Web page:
AOC-in-C Southern Air Command Flies Tejas; Reposes Faith in the Indigenous Combat Aircraft
(Source: Hindustan Aeronautics Limited; issued Nov 14, 2017)
BENGALURU --- The induction and operationalization of the indigenous fighter jet Light Combat Aircraft-Tejas received a major boost with Air Marshal RKS Bhadauria, AVSM, VM, Air Officer Commanding-in-Chief of the Southern Air Command undertaking a solo flight for 30 minutes from HAL Airport, here today. Mr. T. Suvarna Raju, CMD-HAL thanked the AOC-in-C for reposing the faith on this advanced and indigenous combat aircraft.

HAL has established the state-of-the-art aircraft assembly line including second production line for LCA to meet the operational requirements of the IAF. Currently, HAL has the production capacity of eight LCAs per annum and is ramping up the capacity to 16. The ramping-up cost is shared equally by HAL and IAF/Navy. Major sub-assembly such as front, centre and rear fuselages and wings have been outsourced to the private players.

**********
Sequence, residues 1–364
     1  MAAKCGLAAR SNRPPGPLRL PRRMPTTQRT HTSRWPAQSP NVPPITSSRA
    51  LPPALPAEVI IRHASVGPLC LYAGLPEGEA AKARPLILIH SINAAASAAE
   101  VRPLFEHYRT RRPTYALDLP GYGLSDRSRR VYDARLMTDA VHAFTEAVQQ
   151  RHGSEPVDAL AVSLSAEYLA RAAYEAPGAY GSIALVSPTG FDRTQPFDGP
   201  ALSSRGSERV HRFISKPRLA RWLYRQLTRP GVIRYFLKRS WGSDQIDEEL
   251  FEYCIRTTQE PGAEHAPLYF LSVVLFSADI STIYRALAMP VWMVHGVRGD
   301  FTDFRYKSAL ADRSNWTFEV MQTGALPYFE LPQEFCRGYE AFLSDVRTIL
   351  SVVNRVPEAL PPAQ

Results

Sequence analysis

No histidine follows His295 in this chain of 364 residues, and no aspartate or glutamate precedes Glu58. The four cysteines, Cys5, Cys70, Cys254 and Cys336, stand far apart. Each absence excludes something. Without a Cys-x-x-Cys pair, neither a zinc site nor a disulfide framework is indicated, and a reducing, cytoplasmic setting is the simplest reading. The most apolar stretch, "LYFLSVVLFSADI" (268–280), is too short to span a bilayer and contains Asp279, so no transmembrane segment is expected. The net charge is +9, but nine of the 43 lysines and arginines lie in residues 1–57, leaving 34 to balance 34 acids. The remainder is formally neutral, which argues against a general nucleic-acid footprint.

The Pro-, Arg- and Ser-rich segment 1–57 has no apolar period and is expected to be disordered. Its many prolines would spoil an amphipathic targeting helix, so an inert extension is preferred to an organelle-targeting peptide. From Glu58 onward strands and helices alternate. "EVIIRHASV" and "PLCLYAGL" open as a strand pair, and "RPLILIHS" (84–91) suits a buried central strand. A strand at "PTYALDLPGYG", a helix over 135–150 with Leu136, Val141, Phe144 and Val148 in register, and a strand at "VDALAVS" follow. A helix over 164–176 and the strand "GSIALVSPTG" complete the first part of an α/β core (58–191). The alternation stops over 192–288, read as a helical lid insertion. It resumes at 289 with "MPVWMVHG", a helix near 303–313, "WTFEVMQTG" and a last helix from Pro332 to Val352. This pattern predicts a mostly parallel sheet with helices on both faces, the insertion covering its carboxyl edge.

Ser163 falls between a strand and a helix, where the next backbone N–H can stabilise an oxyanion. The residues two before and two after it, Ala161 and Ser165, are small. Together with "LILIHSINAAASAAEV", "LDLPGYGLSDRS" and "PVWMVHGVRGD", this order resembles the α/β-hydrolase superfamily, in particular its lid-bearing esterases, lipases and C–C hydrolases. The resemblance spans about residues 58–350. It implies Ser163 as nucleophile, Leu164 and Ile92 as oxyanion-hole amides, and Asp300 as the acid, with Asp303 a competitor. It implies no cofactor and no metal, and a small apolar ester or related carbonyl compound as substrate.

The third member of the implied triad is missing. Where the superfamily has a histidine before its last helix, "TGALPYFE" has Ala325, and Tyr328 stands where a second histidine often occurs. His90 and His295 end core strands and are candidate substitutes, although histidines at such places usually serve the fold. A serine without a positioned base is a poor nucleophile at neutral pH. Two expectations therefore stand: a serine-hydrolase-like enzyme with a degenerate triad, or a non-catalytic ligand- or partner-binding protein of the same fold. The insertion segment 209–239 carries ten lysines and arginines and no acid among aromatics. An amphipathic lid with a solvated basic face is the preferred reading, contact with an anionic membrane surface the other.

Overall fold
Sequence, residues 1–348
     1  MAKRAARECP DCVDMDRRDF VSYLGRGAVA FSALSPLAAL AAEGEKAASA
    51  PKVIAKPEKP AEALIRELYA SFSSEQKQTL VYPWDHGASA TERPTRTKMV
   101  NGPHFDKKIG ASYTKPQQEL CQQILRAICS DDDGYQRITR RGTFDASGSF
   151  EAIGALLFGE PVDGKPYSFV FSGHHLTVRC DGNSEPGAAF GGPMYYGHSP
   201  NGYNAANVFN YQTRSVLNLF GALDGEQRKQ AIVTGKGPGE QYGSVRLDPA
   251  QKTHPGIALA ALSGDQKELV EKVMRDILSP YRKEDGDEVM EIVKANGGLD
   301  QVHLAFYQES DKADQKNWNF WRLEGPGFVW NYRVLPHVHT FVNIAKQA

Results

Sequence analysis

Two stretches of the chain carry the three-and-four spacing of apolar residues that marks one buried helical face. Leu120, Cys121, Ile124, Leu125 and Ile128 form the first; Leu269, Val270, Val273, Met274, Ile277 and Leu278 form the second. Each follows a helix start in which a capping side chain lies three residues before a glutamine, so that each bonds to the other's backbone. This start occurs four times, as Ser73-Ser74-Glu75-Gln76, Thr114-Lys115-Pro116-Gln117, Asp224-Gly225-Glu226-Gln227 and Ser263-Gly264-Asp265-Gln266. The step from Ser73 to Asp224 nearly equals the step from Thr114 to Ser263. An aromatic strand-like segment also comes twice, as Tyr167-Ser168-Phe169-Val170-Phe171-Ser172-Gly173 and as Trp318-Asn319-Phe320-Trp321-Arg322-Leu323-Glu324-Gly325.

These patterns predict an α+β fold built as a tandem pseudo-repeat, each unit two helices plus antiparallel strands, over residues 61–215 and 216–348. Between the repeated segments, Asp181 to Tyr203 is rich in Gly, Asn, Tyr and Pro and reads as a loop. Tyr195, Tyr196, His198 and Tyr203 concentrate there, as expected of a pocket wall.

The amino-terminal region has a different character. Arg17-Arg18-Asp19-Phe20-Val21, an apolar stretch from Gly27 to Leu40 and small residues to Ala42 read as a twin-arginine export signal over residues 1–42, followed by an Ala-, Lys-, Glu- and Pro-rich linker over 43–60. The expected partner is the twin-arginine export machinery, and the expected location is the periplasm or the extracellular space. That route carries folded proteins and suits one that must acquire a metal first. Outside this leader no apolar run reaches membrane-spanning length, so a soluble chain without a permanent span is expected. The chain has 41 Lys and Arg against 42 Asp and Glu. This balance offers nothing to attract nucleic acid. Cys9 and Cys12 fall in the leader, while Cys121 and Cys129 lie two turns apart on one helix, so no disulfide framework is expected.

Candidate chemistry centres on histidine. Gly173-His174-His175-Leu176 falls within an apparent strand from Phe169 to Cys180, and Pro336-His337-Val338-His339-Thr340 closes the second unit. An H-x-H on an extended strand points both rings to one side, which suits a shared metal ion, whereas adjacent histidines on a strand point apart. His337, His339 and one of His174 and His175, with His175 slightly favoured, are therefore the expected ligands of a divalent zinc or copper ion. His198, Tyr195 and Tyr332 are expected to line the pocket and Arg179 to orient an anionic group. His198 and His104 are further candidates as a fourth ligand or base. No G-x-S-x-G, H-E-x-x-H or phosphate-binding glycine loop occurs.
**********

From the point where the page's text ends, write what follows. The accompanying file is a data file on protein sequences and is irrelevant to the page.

The 45 Squadron of the IAF “The Flying Daggers” was the first squadron to be equipped with LCA-Tejas in July last year. Today, the Squadron hosted the Air Marshal Bhadauria, who has been associated with the Tejas programme for long.

The Squadron which is expected to move to its permanent location at Sulur, near Coimbatore, next year is presently involved in training of Air and Ground Crew, formulation of procedures and realization of the operational potential of the aircraft.

Apart from the much-appreciated participation in the Republic Day and Air Force Day fly-pasts the squadron has also undertaken detachments at operational bases to test the weapon capability of this agile aircraft.

With the induction of an additional assembly line, HAL is all set to ramp-up the production rate in order to meet the delivery schedules.


(EDITOR’S NOTE: Tejas maker HAL, which announced Nov 2 it would outsource production of è0% of the aircraft’s production to the private sector, is striking back with the above statement after the Indian Air Force briefed government ministers that the Tejas light combat aircraft was not capable of defending Indian airspace.
The air force wants more advanced fighters as fast as possible, while HAL, with the help of former defense minister, wants to continue its production.
This debate will no doubt continue inconclusively for the next several months.)


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